Similarities Between Ancient China And Confucianism

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The social characteristics of early Indian and Chinese societies differ because they were dictated by two separate philosophies. This difference of the two philosophies can explain many other variations in the two societies. In Confucian principles and beliefs, structure is heavily emphasized. There are five cardinal relationships in Confucianism: Father to son, ruler to subject, husband to wife, elder brother to younger brother, and friend to friend. This system also emphasized the importance of education and admittance into governmental roles by knowledge and wisdom versus birth. Confucius believed that there should be a small, powerful government that would not be questioned by the subjects. This can be contrasted with the principles upheld …show more content…
In the Han Dynasty in China, Confucian beliefs and ideals dictated large parts of life. Confucius was a philosopher that lived during the Warring States period, in which many non-unified states (hence the title) were at odds with each other, battling frequently and causing general chaos in China. Out of this chaos, Confucius designed his plan for an improved system of government and social structure. As I mentioned earlier, his system highly valued education, placing the wisest and most knowledgeable people in positions of power. The government was supposed to be highly intelligent and unquestioned by the populace. Unlike the Han Chinese system, the Aryan civilization did not put as much weight on being an intellectual, rather placing value in physical strength and ability to fight. Some of the most prominent of documents in Confucianism are the Analects, a series of documents recording the beliefs of Confucius. In Aryan society, one of their most well-known series of documents are Vedas, recording religious beliefs and rituals of the Aryan people. These documents were written in Sanskrit, an early language that very serve as the base for some languages that are spoken …show more content…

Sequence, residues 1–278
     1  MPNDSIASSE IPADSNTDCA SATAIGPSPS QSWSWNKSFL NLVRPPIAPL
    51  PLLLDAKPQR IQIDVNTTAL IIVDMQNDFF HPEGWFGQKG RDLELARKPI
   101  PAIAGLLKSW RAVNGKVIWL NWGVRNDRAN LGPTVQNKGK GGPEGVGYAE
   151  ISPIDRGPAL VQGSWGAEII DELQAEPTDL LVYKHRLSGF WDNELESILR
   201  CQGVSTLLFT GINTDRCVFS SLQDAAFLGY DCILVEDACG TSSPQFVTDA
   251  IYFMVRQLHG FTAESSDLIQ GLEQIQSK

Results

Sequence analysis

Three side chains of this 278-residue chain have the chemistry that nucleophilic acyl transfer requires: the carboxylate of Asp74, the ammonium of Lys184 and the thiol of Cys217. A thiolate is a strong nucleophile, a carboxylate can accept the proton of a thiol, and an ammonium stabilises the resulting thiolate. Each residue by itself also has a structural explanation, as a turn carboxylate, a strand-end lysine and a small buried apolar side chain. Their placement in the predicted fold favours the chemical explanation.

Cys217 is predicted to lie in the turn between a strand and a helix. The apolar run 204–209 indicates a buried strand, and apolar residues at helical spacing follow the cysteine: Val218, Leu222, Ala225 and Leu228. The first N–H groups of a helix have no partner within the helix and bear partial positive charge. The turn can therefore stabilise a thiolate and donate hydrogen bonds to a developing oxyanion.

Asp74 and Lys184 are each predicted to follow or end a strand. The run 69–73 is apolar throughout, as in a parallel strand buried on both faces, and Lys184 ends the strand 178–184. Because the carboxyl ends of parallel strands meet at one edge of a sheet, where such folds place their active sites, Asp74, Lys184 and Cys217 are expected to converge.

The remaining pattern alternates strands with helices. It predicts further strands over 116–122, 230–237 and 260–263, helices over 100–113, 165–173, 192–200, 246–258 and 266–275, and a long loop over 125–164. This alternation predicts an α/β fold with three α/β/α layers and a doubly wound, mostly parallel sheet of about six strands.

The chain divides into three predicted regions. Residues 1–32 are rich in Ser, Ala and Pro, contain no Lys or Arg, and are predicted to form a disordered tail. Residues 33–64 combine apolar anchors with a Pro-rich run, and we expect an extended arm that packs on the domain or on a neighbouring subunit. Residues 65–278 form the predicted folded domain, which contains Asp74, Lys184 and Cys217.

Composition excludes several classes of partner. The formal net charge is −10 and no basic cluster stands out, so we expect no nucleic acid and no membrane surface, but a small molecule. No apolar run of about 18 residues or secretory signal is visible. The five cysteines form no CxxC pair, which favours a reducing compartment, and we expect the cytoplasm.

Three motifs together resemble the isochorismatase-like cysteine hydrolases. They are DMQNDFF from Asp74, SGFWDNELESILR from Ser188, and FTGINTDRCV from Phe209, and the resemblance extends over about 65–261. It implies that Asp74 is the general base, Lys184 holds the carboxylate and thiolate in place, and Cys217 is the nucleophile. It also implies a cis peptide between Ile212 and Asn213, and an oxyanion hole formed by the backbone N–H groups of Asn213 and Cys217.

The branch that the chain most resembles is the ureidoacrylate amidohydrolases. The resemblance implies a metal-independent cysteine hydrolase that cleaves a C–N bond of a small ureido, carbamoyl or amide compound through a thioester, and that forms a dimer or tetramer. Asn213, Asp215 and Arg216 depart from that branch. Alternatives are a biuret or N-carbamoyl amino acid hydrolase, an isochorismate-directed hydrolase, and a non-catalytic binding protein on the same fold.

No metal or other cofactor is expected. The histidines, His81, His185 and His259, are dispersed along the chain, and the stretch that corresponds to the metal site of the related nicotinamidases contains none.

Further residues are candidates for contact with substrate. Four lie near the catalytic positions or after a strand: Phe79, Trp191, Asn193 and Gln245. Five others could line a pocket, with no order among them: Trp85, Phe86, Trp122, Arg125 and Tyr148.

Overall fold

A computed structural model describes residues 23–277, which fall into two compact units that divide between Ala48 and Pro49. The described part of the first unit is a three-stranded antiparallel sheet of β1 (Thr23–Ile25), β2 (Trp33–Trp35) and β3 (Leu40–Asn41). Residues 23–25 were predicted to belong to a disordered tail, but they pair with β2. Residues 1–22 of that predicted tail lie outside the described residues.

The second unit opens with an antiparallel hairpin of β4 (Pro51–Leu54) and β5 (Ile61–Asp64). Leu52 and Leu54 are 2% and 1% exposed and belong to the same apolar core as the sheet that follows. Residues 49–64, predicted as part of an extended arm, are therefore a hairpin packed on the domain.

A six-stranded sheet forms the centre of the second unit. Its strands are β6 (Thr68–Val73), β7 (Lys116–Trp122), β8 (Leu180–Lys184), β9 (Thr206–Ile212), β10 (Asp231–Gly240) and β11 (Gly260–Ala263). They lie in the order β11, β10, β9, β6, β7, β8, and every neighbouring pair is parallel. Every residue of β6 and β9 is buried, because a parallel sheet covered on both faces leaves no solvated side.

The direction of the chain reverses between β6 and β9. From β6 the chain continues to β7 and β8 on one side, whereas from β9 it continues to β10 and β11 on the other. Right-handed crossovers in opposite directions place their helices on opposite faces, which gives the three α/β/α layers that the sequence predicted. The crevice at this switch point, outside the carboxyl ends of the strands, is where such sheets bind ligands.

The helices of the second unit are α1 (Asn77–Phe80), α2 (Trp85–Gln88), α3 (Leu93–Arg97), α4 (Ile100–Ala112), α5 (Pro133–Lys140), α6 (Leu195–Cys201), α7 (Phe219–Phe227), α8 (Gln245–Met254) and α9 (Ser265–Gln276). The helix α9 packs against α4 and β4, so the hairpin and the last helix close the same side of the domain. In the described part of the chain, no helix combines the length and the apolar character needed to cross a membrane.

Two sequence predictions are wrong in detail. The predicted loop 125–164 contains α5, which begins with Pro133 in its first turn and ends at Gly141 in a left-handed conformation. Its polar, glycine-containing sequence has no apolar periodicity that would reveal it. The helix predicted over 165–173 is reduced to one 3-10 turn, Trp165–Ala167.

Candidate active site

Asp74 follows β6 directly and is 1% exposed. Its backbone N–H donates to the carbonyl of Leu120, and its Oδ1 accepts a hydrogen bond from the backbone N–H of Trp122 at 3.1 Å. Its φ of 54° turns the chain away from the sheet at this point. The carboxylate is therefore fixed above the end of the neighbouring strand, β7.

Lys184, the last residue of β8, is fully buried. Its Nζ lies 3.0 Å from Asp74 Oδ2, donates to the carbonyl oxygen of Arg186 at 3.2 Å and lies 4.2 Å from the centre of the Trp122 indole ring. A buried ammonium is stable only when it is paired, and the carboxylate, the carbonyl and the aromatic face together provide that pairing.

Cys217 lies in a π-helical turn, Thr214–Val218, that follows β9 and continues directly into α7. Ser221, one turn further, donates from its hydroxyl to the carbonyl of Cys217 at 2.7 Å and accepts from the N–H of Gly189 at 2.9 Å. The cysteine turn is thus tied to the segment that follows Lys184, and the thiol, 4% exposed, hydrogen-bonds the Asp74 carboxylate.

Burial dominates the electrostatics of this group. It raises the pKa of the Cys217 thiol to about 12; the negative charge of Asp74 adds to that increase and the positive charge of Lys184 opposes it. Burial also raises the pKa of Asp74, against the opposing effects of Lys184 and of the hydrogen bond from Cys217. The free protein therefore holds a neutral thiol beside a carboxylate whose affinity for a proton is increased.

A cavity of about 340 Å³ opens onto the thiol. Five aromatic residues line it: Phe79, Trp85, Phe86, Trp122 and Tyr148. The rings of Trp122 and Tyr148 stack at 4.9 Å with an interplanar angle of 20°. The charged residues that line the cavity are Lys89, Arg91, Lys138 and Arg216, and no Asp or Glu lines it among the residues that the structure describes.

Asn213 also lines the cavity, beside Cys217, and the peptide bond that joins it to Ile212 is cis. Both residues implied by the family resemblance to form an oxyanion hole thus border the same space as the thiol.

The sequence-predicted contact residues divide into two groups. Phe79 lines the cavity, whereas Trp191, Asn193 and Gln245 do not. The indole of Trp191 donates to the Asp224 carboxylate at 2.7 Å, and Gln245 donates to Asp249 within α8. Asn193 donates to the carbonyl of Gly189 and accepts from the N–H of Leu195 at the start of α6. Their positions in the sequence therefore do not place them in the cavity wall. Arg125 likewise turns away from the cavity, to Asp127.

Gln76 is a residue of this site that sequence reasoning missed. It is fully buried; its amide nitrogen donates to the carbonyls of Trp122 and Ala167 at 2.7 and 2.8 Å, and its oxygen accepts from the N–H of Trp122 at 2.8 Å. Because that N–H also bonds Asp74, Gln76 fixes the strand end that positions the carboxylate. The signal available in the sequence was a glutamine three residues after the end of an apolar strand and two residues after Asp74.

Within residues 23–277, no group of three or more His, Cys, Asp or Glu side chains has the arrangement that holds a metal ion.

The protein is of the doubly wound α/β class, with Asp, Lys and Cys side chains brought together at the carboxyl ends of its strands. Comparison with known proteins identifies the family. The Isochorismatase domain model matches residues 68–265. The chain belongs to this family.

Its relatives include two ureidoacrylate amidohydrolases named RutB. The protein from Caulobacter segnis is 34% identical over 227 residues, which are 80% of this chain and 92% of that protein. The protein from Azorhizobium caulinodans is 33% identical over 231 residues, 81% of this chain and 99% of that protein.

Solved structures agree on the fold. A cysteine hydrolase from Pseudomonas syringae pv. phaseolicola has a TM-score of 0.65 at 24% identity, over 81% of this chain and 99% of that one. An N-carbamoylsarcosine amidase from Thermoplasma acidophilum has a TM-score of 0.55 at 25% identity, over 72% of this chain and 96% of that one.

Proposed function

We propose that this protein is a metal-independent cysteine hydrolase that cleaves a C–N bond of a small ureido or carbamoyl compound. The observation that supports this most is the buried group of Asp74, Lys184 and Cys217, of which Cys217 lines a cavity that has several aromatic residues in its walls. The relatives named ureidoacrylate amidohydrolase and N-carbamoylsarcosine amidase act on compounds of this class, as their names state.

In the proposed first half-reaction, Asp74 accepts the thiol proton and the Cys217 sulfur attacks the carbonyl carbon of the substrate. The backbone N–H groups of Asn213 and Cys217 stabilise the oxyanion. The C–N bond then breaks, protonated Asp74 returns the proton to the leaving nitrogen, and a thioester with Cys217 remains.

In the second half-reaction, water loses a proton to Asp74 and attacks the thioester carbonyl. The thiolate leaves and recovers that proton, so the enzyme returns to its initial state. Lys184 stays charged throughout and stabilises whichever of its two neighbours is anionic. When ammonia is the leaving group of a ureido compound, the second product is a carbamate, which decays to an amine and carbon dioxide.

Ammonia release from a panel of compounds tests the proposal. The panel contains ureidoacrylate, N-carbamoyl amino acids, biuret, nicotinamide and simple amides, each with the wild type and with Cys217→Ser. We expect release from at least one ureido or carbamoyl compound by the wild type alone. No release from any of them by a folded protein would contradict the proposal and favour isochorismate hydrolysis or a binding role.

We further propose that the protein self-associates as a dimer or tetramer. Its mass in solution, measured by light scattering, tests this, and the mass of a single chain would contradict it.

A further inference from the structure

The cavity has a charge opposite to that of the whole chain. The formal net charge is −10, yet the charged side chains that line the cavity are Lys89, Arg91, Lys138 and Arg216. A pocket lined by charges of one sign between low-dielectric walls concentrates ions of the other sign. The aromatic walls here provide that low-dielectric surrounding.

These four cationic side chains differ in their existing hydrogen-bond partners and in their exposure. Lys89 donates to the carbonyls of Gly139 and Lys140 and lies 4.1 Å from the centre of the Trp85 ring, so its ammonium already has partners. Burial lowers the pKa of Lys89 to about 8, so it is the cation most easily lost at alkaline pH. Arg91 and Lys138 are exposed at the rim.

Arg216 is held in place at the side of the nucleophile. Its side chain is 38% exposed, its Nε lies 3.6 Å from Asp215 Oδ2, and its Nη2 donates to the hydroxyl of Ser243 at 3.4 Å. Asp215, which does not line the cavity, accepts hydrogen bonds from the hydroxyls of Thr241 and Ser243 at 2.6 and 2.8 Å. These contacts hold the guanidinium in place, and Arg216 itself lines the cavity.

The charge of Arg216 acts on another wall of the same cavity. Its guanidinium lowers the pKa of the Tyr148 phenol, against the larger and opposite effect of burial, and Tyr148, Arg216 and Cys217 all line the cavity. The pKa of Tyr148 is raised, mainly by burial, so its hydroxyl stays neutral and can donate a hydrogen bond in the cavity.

Before Buddhism was widely-spread in China, Confucian ideals ruled over everyday life. Instead of focusing on one religion, following its teachings and principles, Han China took most of their ideals from Confucius and his disciples, following the set system of beliefs. On the other hand, the Aryans followed a polytheistic folk religion in which there were multiple gods, each controlling a sphere of Aryan life. One of the most prominent gods was Indra, the god of storms and war. He was thought to have controlled the weather and influence the result of battles. His importance in Aryan society showed how much warrior grit and physical strength were valued. The Aryans worshipped their gods by offering sacrifices and praying. The god you prayed to depended on what you needed or hoped to gain. For example, a couple who hopes for children may want to pray to Shiva, the goddess of fertility. Aryans made offerings of food or animal sacrifices to please the gods. Aryans also looked up to Vedic priests to help them achieve their goals and desires. This religious system of priests and offerings can be contrasted with that of Han China, where their were no priests or offerings to Confucius. To practice Confucius’ principles, no sacrifices were needed, as they were more of a political ideology rather than a

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